Companies are making headlines after the bell Thursday:» Read More
Just a few days away now from what promises to be an absolutely blockbuster week in the world of electronics, beginning with the massive Consumer Electronics Show in Las Vegas ... CES will be attended by 145,000 registered guests, 2,600 exhibiting companies spread across 35 football fields. But this year's show gives us pause to look back since CES celebrates its 40th anniversary.Ironic since this past December 28, I celebrated my 40th birthday as well. Ironic still since my wife took me away to a decidedly low-tech, nature-infused Calistoga Ranch in California's Napa Valley. As I absorbed the phenomenal scenery, the extraordinary attention to every detail, the attentive service, the wine, the spa, the food, all the relaxation gave my mind a chance to wander: preparing for the electronics extravaganza ahead while letting my mind drift to my first CES in 1994 ...
Citigroup's Tobias Levkovich has released his top picks for '07. Here are the hints to the stocks he liked--that you may have heard on "Squawk on the Street": 1) your parents were wrong; TV is good for you, 2) another of his favorites can be found in the mall, 3) the real little engines that could. Think you know which ones Levkovich likes? See if you guessed right...
U.S. jobs data will guide the markets today and bad news from Motorola is rippling through global markets. An early look shows U.S. equities weaker ahead of the opening. European stocks are lower as commodity driven shares continue to sell off and most Asian markets closed with losses.
Stocks closed higher after another volatile day as gains in technology stocks and a huge drop in oil prices boosted the major averages.
CNBC’s Bob O’Brien talked with Michelle Caruso-Cabrera about his stock winners and losers for the day so far. Some poor December retail sales numbers and less-than-stellar economic data caused sharp losses in the Dow, but a semiconductor rally is sparking a comeback. O’Brien says Intel is leading the pack.
During the final week of the year, CNBC spoke with analysts to get their top picks for 2007. Large cap names and private equity were winners in 2006, and many analysts are expecting more of the same next year. But look for some picks that may be surprising as well.
As we end for today, we can safely report it's been a banner year for stocks--by just about everyone's measuring stick. Bonds didn't so bad either. Blue chips were certainly the big standouts of 2006. The Dow Jones industrial average--the index of 30 of the nation’s biggest companies, hit record levels dozens of times since closing at 12,011.73 on Oct. 19. It's since surged to an intra-day high of 12,529.87. All this despite....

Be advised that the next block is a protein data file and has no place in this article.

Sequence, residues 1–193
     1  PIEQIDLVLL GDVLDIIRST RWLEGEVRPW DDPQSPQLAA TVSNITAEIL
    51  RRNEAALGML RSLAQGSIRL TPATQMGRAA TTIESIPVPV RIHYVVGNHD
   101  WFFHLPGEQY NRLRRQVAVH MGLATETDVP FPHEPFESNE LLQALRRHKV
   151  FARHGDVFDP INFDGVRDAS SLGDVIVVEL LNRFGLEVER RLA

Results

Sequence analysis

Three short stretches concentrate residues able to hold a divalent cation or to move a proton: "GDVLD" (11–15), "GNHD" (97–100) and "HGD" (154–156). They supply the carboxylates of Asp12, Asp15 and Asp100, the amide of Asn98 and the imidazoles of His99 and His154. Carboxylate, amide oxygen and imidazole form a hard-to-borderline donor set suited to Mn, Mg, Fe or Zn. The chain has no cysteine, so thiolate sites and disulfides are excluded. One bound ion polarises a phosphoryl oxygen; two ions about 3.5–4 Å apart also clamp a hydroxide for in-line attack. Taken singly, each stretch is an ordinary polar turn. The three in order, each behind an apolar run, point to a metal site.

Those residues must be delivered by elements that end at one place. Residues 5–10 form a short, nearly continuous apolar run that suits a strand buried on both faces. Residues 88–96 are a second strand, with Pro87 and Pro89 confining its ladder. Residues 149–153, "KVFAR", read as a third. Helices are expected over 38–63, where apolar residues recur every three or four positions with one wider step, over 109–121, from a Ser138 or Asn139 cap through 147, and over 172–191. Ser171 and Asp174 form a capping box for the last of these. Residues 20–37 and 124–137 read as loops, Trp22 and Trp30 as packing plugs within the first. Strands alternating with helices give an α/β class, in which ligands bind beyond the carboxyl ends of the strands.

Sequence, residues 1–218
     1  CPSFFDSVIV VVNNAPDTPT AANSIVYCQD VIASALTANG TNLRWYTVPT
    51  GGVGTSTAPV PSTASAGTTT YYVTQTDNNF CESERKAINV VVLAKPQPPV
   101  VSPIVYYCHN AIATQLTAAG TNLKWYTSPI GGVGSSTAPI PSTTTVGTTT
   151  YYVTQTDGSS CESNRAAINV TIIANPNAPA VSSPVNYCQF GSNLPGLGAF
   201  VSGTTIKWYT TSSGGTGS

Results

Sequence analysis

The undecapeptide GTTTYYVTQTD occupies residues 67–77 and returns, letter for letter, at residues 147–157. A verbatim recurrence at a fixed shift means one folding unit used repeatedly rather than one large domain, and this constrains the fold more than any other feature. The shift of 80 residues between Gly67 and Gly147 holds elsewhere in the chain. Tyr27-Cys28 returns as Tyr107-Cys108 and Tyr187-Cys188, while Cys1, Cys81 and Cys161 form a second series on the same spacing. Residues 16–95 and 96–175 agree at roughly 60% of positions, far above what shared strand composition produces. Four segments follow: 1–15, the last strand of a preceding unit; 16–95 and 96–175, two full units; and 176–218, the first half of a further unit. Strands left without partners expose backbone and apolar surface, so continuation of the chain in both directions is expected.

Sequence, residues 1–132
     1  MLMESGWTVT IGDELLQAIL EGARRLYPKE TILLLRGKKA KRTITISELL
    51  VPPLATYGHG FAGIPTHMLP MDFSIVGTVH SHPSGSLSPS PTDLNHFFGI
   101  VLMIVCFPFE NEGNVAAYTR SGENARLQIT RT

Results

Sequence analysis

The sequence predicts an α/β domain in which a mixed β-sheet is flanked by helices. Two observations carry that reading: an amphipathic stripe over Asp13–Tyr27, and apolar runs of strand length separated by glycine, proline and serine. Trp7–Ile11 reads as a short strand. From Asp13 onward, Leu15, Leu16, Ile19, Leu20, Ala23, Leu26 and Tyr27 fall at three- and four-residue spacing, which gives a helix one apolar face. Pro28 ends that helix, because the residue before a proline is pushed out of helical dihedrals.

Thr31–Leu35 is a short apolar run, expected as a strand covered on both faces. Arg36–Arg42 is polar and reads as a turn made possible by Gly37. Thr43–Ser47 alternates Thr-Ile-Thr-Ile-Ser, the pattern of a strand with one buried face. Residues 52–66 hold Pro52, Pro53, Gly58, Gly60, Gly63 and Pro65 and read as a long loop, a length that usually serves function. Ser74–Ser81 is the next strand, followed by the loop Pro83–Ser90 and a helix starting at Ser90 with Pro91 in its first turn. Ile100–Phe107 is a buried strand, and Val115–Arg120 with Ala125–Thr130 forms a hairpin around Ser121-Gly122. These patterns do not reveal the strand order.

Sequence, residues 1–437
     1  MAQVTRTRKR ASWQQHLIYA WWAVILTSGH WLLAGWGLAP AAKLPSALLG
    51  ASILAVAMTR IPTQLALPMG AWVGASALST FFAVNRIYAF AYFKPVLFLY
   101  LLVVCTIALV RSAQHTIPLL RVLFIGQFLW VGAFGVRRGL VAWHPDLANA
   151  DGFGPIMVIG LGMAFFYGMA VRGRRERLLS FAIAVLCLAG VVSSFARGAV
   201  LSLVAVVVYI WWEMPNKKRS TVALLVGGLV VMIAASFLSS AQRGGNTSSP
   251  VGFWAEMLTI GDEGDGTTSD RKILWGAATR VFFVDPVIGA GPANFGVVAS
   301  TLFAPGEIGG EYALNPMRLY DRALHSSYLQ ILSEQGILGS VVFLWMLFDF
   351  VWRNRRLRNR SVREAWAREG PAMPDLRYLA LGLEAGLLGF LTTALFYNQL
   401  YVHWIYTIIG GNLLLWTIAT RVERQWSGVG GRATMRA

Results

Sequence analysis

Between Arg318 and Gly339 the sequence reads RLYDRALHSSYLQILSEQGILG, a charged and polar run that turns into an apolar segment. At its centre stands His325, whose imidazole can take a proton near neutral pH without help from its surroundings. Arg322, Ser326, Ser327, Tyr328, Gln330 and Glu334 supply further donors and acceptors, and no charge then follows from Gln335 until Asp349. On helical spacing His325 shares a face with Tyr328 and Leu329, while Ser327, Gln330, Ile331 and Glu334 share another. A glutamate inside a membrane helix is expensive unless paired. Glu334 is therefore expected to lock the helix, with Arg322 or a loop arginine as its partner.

Chip-maker Intel said it would not object to a court order to produce documents related to its international business practices, as part of an antitrust case filed by rival Advanced Micro Devices.
Answer: When's That! CNBC's Peter Schacknow pulls back the curtain and shows you inside the world of 24-hour business news.
What's next for Apple and where does Google go from here? Key questions for two trailblazing tech players you'll find answers to in Jim's report in CNBC's "7 For '07" series, a look ahead to the coming year.
'Tis the season that we spend all this time and effort talking about Google, Apple, Microsoft, HP, videogames, what's hot in holiday electronics. But there's a gadget I used over the weekend that could change the world as we know it.
Today--Intel (along with Wal-Mart, Applied Materials, B-P America and Pitney Bowes) announced a major healthcare initiative called Dossia. It’s a new way for millions of employees to better manage their personal health records and their healthcare. In a “First on CNBC” – Intel Chairman Craig Barrett discussed why he’s so enthusiastic about this new plan...
Susan Decker joined Yahoo! six years ago as chief financial officer just as the tech bubble was about to burst. As she assumes a new role the company, Yahoo! faces a host of new challenges as it struggles to revive its revenue growth and compete against Google .
The writing was on the wall the moment Yahoo hired Hillary Schneider. The media executive from the former Knight Ridder was brought on to run Yahoo's new Marketplace initiative. But she wasn't to report to CEO Terry Semel, or even COO Dan Rosensweig. Nope, she would report to CFO Sue Decker.
Good morning. A busy day ahead as we'll certainly focus on the Yahoo management shuffle. The company hands an extended role to its Chief Financial Officer Susan Decker and several top execs will be leaving. Well start with our quote of the day from cartoonist Scott Adams...
Twenty years of covering technology and I'm finally practicing what I preach: Welcome to my first, and hopefully long lasting, blog.
Media is bigger business than ever – tens of billions of dollars of TV ads, movie ticket sales, DVDs, and online ads – and it’s not just the Viacoms and Yahoos that are media companies.
Stocks skidded Friday after a key survey showed manufacturing unexpectedly contracted in November,stoking concerns about a weakening economy.